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"WE'RE CALLED TO SERVE THE VULNERABLE": New Orleans refugee agencies respond to President Donald Trump's immigration order.

FREE MOVIE SCREENINGS: Louisiana documentaries at Jazz & Heritage Center today; the Louisiana Youth Justice Coalition hosts a screening of 2017 documentary They Call Us Monsters at Zeitgeist tomorrow.

NOT-SO-NEUTRAL GROUND: People already are saving their spaces for Endymion.

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Friday, February 3, 2017

Review: I Am Not Your Negro

Posted By on Fri, Feb 3, 2017 at 3:09 PM

James Baldwin in I Am Not Your Negro
  • James Baldwin in I Am Not Your Negro

There were many heroes in the civil rights movement of the 1950s and ’60s, but novelist, essayist and social critic James Baldwin became the movement’s leading literary voice. Uniquely perceptive and brutally honest regarding all aspects of racism and race relations in America, Baldwin became a cultural icon not only through his brilliant writing but also his speeches and frequent appearances on television.

In 1979, at age 55, Baldwin reluctantly decided to write a major work called Remember This House that would examine the lives and deaths of his close friends and fellow activists Malcolm X, Martin Luther King Jr. and Medgar Evers. Each was murdered between 1963 and 1968, reshaping the civil rights movement and profoundly affecting Baldwin’s life and art. “I want these three lives to bang against each other and reveal each other as, in truth, they did,” Baldwin wrote of his prospective work. Upon his death in 1987, the author had written only 30 pages of Remember This House.

Working with Baldwin’s estate, Haitian filmmaker Raoul Peck sought to “finish” that book through an examination of Baldwin’s writings and public presentations, along with a strong emphasis on the content of those 30 pages. The result is Peck’s I Am Not Your Negro, a strikingly original film and an Oscar nominee for Best Documentary Feature at this month’s 89th Academy Awards.

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Thursday, February 2, 2017

Books roundup: Five book-related events in February in New Orleans

Posted By on Thu, Feb 2, 2017 at 9:00 AM

L. Kasimu Harris reads at Antenna (3718 St. Claude Ave.) Feb. 2. - IRVING JOHNSON III
  • IRVING JOHNSON III
  • L. Kasimu Harris reads at Antenna (3718 St. Claude Ave.) Feb. 2.

It's February, that month in which we typically celebrate Mardi Gras and the lesser, more saccharine occasion known as Valentine's Day. If you need a refuge from the parade route — or a date-night idea to impress that cute librarian — here are five literary events to check out this month.

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Thursday, January 26, 2017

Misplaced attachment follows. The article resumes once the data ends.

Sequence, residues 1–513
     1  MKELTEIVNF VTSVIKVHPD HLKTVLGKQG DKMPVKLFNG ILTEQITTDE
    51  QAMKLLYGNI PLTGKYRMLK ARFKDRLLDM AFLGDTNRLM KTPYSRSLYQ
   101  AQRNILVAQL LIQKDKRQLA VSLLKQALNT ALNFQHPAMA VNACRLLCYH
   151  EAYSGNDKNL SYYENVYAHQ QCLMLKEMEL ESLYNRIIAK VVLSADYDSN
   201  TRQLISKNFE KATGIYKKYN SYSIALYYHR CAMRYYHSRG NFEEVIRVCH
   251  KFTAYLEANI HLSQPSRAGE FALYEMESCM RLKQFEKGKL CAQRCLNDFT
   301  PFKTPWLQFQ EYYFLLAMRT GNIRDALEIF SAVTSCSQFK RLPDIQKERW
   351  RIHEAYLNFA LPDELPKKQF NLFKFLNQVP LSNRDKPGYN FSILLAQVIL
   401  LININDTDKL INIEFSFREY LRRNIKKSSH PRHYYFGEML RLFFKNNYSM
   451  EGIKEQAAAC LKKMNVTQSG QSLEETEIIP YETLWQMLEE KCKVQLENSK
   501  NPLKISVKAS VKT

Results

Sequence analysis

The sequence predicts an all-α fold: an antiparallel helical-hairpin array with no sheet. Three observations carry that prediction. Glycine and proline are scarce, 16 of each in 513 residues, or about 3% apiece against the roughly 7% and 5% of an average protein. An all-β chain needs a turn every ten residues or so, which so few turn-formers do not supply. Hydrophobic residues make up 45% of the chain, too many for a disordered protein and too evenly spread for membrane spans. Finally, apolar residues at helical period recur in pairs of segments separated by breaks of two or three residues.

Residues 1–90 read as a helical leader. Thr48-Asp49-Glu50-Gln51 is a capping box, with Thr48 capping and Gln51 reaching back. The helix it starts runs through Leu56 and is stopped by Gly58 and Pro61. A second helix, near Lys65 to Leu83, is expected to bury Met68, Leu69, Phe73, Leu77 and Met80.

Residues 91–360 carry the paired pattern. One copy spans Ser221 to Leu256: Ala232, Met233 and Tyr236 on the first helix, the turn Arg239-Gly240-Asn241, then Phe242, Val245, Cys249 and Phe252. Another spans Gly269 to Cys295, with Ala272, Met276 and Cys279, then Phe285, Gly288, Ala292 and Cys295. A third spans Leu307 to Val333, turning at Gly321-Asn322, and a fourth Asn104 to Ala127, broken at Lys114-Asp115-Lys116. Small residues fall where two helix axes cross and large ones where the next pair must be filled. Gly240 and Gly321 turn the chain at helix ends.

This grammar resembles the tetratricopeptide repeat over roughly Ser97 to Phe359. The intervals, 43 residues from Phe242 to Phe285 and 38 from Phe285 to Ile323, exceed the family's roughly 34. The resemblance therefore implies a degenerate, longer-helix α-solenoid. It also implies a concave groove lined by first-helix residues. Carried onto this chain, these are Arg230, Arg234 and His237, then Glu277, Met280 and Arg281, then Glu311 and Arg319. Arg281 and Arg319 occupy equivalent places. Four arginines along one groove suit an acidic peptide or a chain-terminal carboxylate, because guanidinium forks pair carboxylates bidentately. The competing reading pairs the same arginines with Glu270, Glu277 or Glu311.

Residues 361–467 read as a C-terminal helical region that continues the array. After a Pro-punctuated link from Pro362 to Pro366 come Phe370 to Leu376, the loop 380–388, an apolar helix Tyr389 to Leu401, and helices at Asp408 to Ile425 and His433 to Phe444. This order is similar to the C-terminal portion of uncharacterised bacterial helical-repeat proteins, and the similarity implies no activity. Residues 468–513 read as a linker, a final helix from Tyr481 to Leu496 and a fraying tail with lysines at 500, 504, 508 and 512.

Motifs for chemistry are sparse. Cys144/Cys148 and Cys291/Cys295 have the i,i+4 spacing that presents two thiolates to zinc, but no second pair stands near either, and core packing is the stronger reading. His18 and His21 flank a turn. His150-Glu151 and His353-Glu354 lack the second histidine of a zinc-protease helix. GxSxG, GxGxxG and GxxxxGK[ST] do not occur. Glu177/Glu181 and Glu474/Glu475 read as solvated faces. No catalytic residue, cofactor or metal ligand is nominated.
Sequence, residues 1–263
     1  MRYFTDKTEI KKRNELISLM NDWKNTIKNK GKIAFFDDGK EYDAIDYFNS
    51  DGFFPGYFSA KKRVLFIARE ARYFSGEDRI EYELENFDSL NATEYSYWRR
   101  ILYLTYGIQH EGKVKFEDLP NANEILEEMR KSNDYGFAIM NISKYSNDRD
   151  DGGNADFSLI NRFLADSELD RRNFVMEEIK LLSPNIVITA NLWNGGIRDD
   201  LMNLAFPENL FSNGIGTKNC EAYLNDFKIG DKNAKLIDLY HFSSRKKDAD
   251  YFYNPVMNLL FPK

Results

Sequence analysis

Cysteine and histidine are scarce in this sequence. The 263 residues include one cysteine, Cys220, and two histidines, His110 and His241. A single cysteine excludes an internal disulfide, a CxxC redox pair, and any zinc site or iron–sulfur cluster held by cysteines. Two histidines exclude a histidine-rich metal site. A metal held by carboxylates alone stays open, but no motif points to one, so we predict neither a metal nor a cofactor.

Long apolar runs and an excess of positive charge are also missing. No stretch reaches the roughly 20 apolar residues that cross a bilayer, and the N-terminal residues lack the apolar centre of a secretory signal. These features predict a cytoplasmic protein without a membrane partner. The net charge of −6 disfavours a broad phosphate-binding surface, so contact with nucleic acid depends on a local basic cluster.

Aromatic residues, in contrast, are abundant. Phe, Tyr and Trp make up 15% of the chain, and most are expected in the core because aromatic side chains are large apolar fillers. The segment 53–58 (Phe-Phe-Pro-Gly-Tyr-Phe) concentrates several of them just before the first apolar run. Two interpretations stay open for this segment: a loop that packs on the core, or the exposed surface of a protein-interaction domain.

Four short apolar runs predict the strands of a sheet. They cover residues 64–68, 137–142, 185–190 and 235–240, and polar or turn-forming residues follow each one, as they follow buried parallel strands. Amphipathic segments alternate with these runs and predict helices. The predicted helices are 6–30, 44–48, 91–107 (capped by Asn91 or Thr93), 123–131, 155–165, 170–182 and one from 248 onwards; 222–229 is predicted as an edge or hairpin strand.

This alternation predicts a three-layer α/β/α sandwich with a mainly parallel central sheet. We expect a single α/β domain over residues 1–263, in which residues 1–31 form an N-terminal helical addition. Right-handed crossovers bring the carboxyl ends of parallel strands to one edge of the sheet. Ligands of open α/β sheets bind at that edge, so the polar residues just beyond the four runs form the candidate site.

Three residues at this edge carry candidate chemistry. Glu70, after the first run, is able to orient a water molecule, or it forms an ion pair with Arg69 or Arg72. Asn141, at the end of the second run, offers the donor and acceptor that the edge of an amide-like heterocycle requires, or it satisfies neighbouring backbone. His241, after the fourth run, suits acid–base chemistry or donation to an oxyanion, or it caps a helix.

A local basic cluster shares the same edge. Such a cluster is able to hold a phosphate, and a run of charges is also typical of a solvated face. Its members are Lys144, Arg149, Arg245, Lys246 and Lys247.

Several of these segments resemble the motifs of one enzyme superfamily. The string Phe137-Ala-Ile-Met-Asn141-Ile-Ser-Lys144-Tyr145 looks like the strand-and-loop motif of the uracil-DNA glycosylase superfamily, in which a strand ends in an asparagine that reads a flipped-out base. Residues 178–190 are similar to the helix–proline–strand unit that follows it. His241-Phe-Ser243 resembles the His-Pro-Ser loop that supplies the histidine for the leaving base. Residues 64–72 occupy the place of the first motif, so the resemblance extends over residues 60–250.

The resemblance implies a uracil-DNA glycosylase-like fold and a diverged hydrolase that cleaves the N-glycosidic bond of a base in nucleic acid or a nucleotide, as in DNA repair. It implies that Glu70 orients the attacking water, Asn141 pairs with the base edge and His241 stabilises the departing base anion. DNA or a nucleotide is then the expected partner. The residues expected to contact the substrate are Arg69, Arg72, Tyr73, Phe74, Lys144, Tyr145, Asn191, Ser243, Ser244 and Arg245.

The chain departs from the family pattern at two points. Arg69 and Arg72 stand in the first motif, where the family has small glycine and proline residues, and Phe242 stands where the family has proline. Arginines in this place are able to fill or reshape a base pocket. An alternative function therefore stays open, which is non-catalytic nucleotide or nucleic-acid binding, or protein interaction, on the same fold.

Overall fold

'Alternative facts'? No — just the facts, please

Posted By on Thu, Jan 26, 2017 at 12:37 PM

Kellyanne Conway, adviser to President Donald Trump, told Meet the Press that the White House was providing "alternative facts," not falsehoods. - CREATIVE COMMONS/GAGE SKIDMORE
  • CREATIVE COMMONS/GAGE SKIDMORE
  • Kellyanne Conway, adviser to President Donald Trump, told Meet the Press that the White House was providing "alternative facts," not falsehoods.

“You’re saying it’s a falsehood. And they’re giving — Sean Spicer, our press secretary, gave alternative facts.” Kellyanne Conway, adviser to President Donald Trump, on NBC’s Meet the Press.

“Alternative facts” may sound like something cooked up between George Orwell and Stephen Colbert, but President Trump’s administration doubled down on them during his first few days in office. Conway coined the term “alternative facts” on Meet the Press the day after presidential press secretary Sean Spicer held a belligerent press conference during which he insisted “the media” miscounted and downplayed the number of people at Mr. Trump’s inauguration the day before.

Spicer, Conway and Trump are entitled to their belief that the inauguration was the most beautiful in history, or the most historic, or any other superlative they might imagine. They are not, however, entitled to their own “facts” — which were contradicted by several objective criteria, including photographs of the National Mall, satellite images and ridership numbers from Washington D.C. public transit.

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Wednesday, January 11, 2017

Arlie Russell Hochschild, author of Strangers in Their Own Land, to speak at UNO Jan. 18

Posted By on Wed, Jan 11, 2017 at 3:40 PM

Arlie Russell Hochschild. - COURTESY UNIVERSITY OF NEW ORLEANS
  • Courtesy University of New Orleans
  • Arlie Russell Hochschild.

Arlie Russell Hochschild, a sociologist whose spent five years in Lake Charles trying to understand red state voters, will speak at the University of New Orleans next Wednesday.

Hochchild's recent book, Strangers in Their Own Land: Anger and Mourning on the American Right, adds to a growing volume of scholarship about the "Great Paradox," or how conservative voters embrace politicians and policies that seem to oppose their own interests: the poor Appalachia resident who hates "Obamacare," the Gulf Coast fisherman who votes to deregulate the oil industry. You can read an essay adapted from the book here; it was a National Book Award finalist in 2016.

She'll appear in the Innsbruck Room at UNO's University Center at 1 p.m. Jan. 18. It's free to attend.